Thomas Schmalzried, MD, Medical Director, Joint Replacement Institute, St. Vincent Medical Center, Los Angeles:
I think partial knee replacements absolutely have a place in the future of knee care. It’s a very good operation for the right patient. The functional result of the unicompartmental procedure can be better than those for a total knee in the appropriate patient.
Milton Smit, MD, Oak Orthopedics, Bradley, Ill.:
I personally think that unicompartmental knee replacements can only be done in a very small number of patients. I don’t think the patient population will ever grow to a large amount — over 5 percent of patients —because the indications are limited. The design is getting better for unicompartmental knee replacements, but so are the totals. In both instances, the outcomes will be better for surgeons who perform a higher volume of cases.
In the future, I think both procedures will continue to improve. There will be a lot of joint replacements performed within the coming years because there are more baby boomers who need them, and there are more people who wish to remain active later in life. Additionally, there are a lot of obese people who wear out their knees quickly, and we need to provide the best solution for them as possible.
Geoffrey Westrich, MD, Director for Research for Joint Replacement, Hospital for Special Surgery, New York City:
As time goes on, the technology is always getting better. Not only does that help the design of the prosthesis and accuracy of placement, but it also improves the diagnostic modalities we have. As technology gets better, we’ll have better ways to look at the knee before surgery. The strength of the magnet in an MRI is improving and we have better protocols for using MRI scanners to look at the cartilage than we did 10 years ago. Eventually, there will also be better technology during surgery where surgeons will be able to detect a problem that might not be visible to the naked eye.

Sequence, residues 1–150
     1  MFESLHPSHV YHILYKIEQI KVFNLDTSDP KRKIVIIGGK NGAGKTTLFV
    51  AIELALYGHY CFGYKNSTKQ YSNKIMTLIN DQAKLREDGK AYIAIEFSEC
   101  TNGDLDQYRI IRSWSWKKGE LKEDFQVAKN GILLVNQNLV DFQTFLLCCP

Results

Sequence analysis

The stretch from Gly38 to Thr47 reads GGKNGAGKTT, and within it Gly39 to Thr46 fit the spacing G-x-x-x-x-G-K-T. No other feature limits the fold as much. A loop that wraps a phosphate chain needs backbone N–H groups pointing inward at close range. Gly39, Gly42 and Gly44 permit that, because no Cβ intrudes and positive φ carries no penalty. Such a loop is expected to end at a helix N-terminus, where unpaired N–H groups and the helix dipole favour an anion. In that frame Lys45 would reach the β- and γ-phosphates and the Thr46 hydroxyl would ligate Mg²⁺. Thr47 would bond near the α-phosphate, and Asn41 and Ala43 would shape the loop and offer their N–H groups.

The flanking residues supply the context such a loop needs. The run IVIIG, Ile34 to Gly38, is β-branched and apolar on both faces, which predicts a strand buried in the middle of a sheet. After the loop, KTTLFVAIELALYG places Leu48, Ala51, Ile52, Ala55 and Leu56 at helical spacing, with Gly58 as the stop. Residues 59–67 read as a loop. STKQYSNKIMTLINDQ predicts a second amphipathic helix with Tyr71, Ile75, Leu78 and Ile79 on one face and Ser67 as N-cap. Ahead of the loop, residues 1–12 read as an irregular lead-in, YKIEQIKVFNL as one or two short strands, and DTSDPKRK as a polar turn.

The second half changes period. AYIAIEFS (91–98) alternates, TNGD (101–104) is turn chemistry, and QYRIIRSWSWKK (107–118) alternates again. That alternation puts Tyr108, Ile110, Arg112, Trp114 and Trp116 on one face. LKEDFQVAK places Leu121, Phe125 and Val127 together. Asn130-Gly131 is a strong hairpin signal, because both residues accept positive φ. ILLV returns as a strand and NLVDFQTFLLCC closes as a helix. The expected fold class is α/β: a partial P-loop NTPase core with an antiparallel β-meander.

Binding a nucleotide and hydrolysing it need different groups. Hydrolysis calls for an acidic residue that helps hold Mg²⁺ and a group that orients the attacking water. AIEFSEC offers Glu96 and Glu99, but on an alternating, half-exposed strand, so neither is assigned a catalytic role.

The revision technology will also get better in the future and we won’t be as apprehensive about converting partials into totals. It’s not a surgery that should be done by someone who doesn’t do a lot of them. There is a steep learning curve, and patients might do better if they go to a joint replacement hospital so they can have it done technically in the right way.
Delwyn Worthington, MD, Orthopedic Surgeon, Arizona Orthopaedic Associates, Phoenix:
I think partial knee replacements will stick around, but we will further clarify the specific indications for the best outcomes. For patients who are active and have the appropriate indications, I think the data will hold out to show that partial knee replacements will provide them with a higher level of function than total knee replacements.
There is a lot of new technology coming out now for partial knee replacements and I think it is still in its learning stages. The idea of robotics is mostly to allow the surgeon to perform the procedure with a more predictable outcome, but it still takes an experienced surgeon to reach a good outcome. At some point in time, as the technology becomes improved and it becomes easier to use robotics, partial knee replacement may also become a faster procedure.
Related Articles on Knee Surgery:
10 Points on Personalized Knee Replacements
11 Biggest Sports Medicine Trends for 2011
Dr. Brian Cole: Developing the Future of Cartilage Regeneration in Orthopedics
- Outpatient partial knee replacement might be answer for some patients (earlsview.com)
- A Less-Invasive Option for Treating Knee Arthritis (earlsview.com)
- Cut arthritis off at the knees: With partial-replacement surgery, the joint is jumpin’ again (earlsview.com)
- What Is A Knee Replacement Surgery? (earlsview.com)
- Knee surgery – Complete Overview (earlsview.com)
- Future of Hip replacement may include more resurfacing, percutaneous fixation (earlsview.com)
- As Baby Boomers Age, Orthopedic Surgeons Will See More Demand (earlsview.com)
- Pardon my skepticism…DePuy being Promoted by Actress who has had bilateral hip replacement (earlsview.com)
- Surgery for Knee Pain (everydayhealth.com)
- A Comprehensive Patient Guide to Artificial Knee Replacement Surgery (earlsview.com)